FAQ’s in JOB INTERVIEWS…KNOW the ANSWERS BEFORE THEY ASK
In my journey for a new job, I’ve been on plenty of interviews and there always seems to be the same kinds of questions asked. The interview always goes well. I am great at answering questions about myself when it refers to something specific, like a talent or experience in previous jobs or classes. But when they ask me an open-ended (giving an answer that is more full/meaningful of your views and feelings) question, I tend to freeze up a little and stumble with an answer. Maybe because I know what I want to say, but can’t organize it properly to answer their question. Preparing for these questions will take all of that away and you will answer with ease and confidence.
Most of you attending college can easily access information and tips on job interviewing, preparation and even some most commonly asked questions. Doing a Google search is all you really need to do some research. But in my experience, here are some that you can prepare yourself for before the interview!
As I go on these interviews, I’m starting to get used to the questions and able to answer them pretty easily, and quite successfully! But the reason is because most of the questions are pretty alike. So, I thought I would share with you some pretty popular questions asked in an interview that I’ve encountered. These aren’t the only ones. There are plenty more where these came from. I suggest if you want to prepare a little more, do some research on other popular interview questions, but these below covers a majority of the kinds of questions you might be asked:
1. Tell me two words or phrases that describe you? – Be personal here. Find out what really makes you tick, and gets you motivated. Think about what others have said about you. What defines you as a person?
2. What are a couple of your strengths and weaknesses? – One of the most popular questions there is in any interview. You should have this, and write them down. You have a lot of strengths, and weaknesses. Be aware of them. The fact that you are aware and can answer this question with some ease plays well with an interviewer.
3. What do you see yourself doing 5 years from now? – Think about this. If you were living five years into the future, where are you? What are you doing? Married? Money Breaking habits? Making something better for yourself?
4. Give me an example of a time you showed initiative. – When your asked a question like this, you want to pause…wait about five seconds before beginning your answer. This question comes up a lot. BE SPECIFIC! Do not be general here because they will read that in your answer and maybe think you don’t know what you’re talking about.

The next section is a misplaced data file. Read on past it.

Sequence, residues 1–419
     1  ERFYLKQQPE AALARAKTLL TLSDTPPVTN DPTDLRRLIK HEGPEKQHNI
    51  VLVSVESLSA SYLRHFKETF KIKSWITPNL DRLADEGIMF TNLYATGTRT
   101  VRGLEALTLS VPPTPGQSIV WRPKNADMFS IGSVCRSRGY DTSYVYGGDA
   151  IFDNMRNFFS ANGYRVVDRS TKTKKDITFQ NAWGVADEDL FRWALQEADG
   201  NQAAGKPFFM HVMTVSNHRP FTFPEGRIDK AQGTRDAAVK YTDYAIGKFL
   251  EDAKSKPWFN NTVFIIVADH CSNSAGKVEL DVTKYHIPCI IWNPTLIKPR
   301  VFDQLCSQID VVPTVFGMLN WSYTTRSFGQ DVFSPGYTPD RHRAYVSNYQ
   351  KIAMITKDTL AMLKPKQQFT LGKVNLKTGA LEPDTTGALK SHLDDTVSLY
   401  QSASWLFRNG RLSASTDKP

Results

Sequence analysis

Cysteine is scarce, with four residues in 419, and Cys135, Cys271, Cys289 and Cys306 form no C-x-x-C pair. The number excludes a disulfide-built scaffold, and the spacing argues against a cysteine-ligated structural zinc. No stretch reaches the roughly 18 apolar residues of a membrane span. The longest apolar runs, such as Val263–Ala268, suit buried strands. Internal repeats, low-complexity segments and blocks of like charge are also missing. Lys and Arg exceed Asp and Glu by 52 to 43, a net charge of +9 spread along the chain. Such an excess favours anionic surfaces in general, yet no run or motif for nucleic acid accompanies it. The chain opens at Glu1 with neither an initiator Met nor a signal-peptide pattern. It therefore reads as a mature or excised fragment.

5. Tell me your biggest failure in life and what you learned from the experience? – Think about this. Think hard about this. I’ve conducted interviews with young people and many of them say “I don’t have any failures yet.” It may be true that your failures are not catastrophic or real changing. That’s not what they’re looking for. Interviewers are really looking for your response to this question. Are you specific in your description of the event, and what happened. Then they want to know exactly what you learned from this.
6. Why should I hire you over other candidates? – This is a great question for you to focus in on what this job is, and specifically where you can contribute to this job and then some. Brag about yourself, but not too much. Focus on how you can help them.
7. What questions do you have for me? – This is where your research about this company or organization preparation will pay off. Think of 4-5 questions. I usually would say 3, but there have been many times where I only had about 4 questions and most of them were answered in the interview. Come up with 4-5 questions about the company, that individual, growth, expansion, things that are more general and broad-based. When you come up with them, write them down and refer to your notes when asking.
Few other things:
1. Take notes before and during the interview. Have a notepad and have it out on our lap or table. Let them see that you did some research and took notes and that your organized.
2. Pause every time before answering a question. Count to 5, then begin your answer. Don’t stare at them when you do this, always look down and think about the question.
3. Dress nice. Look like you want this job. They can tell.
4. Find something that you both have in common.
5. If you show up on time, your late. Get the hint? Be there 5-10 minutes early. Don’t show up earlier than 10 minutes unless they ask you to.
6. Bring 3 copies of your resume and reference page
Following these easy tips will accelerate your ability to perform successfully in an interview. Continue to visit The Career Closet and follow me to get more information on tips and best interview/resume practices.
Check out The Career Closet’s past posts on resumes, interviewing and being prepared:
Your Success is My Success,
I’m a careers and college recruiter, coach, public speaker and leader at The Career Closet. His passion is to educate, inspire, and give hope to young people who need it upon their search for the right career and college
- My Colleges and Careers Interviews Former FBI Agent and Body Language Expert, Joe Navarro, on Proper Body Language for Students (prweb.com)